Joy is found in the strangest places. Take this parable: “The kingdom of heaven is like treasure hidden in a field, which a man found and covered up. Then in his joy he goes and sells all that he has and buys that field” (Matthew 13:44). When we read this, we may assume the field is attractive, something we would love to purchase anyway: a sun-drenched meadow dappled with wildflowers, or a garden plot with rich soil ready for tilling.
But life is not like that. We can see the field in this parable as representing what God would have us embrace for the sake of our joy. His lot for you may not be attractive; it may resemble a sandlot with broken bottles, rusty oil cans, and old tires scattered around. It may be a bleak field, with nothing about it even hinting of wealth.
Until you discover it hides a treasure. Then the scrap of hard dirt and weeds suddenly brims with possibilities. Once you know great riches are concealed there, you’re ready to sell everything to buy it. It’s what happened to me.
Early on in my paralysis — and almost by accident — I unearthed an unexpected treasure. I opened the word of God and discovered a mine shaft. I dug my paralyzed fingers into a weight of incomprehensible glory, a sweetness with Jesus that made my paralysis pale in comparison.
In my great joy, I went out and sold everything, trading in my resentment and self-pity to buy the ugly field nobody else would want. And I struck gold.
After decades of using the pick and shovel of prayer and Scripture, my field has yielded the riches of the kingdom of heaven. I have found a God who is thunderous, full-throttled joy spilling over. His Son swims in his own bottomless ocean of elation, and he is positively, absolutely driven to share it with us. Why? As he puts it, “[so] that my joy may be in you, and that your joy may be full” (John 15:11). Jesus is after nothing less than our full joy.
But deep in the bedrock of Scripture, my shovel hit something hard and unyielding. God is nobody’s water boy. As the solemn Monarch of everything and everyone, he shares his joy on his own terms. And those terms call for us to suffer — and to suffer, in some measure, as his beloved Son did when he walked on earth (2 Timothy 2:12).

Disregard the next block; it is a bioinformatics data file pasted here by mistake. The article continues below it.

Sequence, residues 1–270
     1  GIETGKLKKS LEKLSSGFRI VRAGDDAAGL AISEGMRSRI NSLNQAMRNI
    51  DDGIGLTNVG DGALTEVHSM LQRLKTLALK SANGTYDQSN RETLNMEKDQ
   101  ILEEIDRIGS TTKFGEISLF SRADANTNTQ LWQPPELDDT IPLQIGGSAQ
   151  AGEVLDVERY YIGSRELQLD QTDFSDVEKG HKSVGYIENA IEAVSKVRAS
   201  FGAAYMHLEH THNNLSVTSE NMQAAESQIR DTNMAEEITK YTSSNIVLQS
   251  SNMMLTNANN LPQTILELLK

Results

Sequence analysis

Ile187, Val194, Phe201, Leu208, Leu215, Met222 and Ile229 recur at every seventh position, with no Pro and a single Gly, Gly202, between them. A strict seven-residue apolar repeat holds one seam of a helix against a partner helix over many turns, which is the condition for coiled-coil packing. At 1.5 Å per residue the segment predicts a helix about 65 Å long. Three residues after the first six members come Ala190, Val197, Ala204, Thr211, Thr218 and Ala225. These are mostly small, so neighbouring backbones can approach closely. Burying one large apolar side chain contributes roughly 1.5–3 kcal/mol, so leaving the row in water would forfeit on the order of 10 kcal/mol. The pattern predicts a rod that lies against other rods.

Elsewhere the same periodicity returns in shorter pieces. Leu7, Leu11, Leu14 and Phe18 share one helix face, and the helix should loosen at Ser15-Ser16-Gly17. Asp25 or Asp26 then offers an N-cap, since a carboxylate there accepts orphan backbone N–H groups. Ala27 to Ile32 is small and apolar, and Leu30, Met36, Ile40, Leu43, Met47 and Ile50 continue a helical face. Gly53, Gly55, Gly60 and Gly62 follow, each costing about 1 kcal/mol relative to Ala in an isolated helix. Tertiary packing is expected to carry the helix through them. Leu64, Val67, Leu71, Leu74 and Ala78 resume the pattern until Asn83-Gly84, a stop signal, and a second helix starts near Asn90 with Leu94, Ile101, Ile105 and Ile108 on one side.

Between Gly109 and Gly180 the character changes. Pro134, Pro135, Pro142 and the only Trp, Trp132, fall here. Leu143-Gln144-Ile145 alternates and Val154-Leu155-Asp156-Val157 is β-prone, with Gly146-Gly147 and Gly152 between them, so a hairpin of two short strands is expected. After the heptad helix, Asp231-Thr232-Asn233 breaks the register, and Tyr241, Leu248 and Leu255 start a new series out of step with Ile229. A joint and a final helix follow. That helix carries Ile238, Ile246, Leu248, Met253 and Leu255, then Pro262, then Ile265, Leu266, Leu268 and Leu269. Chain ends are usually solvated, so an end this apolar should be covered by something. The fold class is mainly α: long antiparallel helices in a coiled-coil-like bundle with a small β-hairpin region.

Rejoice in Hope
No one understands the relationship between joy and suffering better than the Son of Man. My God became human, his love insisting that I not be alone in my struggles. When I hurt, he knows. But Jesus does not merely sympathize with me; he’s done something about it. Through his death and resurrection, he has freed me from sin’s power and, in part, from the suffering that results from it. And he will free me fully in the age to come.
That coming age is my joyous hope! It’s hope that sees Jesus on his throne with his kingdom filling every corner of the cosmos. Hope that envisions sorrow and sighing erased from the face of the universe. Hope that eagerly awaits the moment when pain and tears will be banished and evil punished.
But that hope — the better country of Hebrews 11:16 — is still in the future. I’ve likely got miles to go before I sleep, and it’s getting harder to adjust to the harsh encroachments of older age and increasing pain. I could easily throw down my pick and shovel, collapse by the edge of my ugly field, and say, “God, I am so tired of this. Please, no more.”
So I stoke my hope. I am heartened by my precious Savior and the way he endured unthinkable suffering for the joy set before him. I follow him, parking my wheelchair on Romans 12:12: “Rejoice in hope, be patient in tribulation, be constant in prayer.” Now, it’s easy to see why God commands us to be constant in prayer, for it can be a struggle to pray when you’re suffering. And we understand why God commands us to be patient in tribulation, for it’s hard to muster patience when you’re in misery.
But it’s really hard to rejoice in hope — hope can feel so far off, vague, and nebulous. Yet God commands it. For if Jesus laid aside his robes to put on the enormous indignity of human birth for our sake, then his Father has the right to command our joy. He has the prerogative to call forth in us a happiness that’s commensurate with his Son’s sacrifice. We are to cultivate a joy that’s worthy of Jesus, our Blessed Hope (Titus 2:13).
Rejoice in Suffering